John Conyers, Longest Serving Black Congressman in U.S. History, Dead at 90

(Photo by Alex Wong/Getty Photos)

Conyers was a vocal advocate for progressive values all through a historic congressional profession.

Former Michigan Congressman, John Conyers Jr., the longest-serving African-American congressman in United States history, was found dead in his house, according to Detroit police. He was 90-years-old.

Conyers entered Congress in 1965 just after a tour in the Korean War. As a member of The Property, Conyers devoted his profession to civil rights and activism for progressive values.  In 1969, Conyers co-founded the Congressional Black Caucus with 12 other members of The Property, and in 1971, led the work to impeach Richard Nixon just after the Watergate scandal. In 1983, Conyers sponsored the bill that established Martin Luther King Jr. Day as a federal vacation, and in the wake of 9/11, spoke out against Bush-era policies that targeted Muslims.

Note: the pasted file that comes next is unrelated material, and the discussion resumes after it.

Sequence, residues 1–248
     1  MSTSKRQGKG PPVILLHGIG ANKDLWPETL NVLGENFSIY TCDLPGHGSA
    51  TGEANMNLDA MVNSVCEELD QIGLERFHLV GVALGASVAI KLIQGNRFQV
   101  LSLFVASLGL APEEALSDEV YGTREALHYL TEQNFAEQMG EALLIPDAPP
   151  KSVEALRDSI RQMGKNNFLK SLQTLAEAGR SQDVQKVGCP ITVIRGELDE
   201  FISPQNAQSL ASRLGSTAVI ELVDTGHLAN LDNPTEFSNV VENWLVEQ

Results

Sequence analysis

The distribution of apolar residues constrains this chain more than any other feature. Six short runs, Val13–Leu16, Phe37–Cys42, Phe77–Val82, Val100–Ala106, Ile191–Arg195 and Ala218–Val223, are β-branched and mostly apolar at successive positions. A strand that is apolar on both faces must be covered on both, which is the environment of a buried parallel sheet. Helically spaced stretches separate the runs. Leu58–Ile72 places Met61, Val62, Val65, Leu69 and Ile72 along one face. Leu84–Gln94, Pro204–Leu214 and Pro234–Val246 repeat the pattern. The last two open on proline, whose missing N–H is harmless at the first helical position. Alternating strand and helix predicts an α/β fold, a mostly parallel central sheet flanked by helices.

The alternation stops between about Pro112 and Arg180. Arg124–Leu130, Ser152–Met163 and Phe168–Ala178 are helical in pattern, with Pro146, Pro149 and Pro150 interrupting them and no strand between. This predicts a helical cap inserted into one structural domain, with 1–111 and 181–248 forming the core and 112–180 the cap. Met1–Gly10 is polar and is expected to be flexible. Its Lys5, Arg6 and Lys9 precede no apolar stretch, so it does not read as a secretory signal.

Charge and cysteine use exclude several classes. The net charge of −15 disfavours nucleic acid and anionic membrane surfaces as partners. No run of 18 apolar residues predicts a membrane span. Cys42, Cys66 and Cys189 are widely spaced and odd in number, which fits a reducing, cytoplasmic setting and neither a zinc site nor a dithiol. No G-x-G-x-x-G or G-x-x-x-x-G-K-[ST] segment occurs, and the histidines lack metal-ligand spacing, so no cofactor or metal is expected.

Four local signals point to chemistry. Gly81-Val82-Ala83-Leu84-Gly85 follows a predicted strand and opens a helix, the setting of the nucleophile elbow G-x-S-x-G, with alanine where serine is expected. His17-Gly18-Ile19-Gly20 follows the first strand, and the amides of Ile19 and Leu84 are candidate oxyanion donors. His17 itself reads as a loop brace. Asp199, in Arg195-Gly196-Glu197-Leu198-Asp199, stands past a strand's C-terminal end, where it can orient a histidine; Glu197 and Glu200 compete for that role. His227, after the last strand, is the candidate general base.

In 2017, the Michigan property rep closed his profession in controversy, stepping down from his post at the demand of celebration leaders following accusations of sexual misconduct against employees members and applying tax-payer dollars to settle claims of harassment.

In his spot, his son, John Conyers III, was endorsed for the seat, but chose not to run. The following year, Rashida Talib ran unopposed for his district, becoming the very first Palestinian-American lady to serve in Congress and the very first Muslim lady to serve in the Michigan state legislature.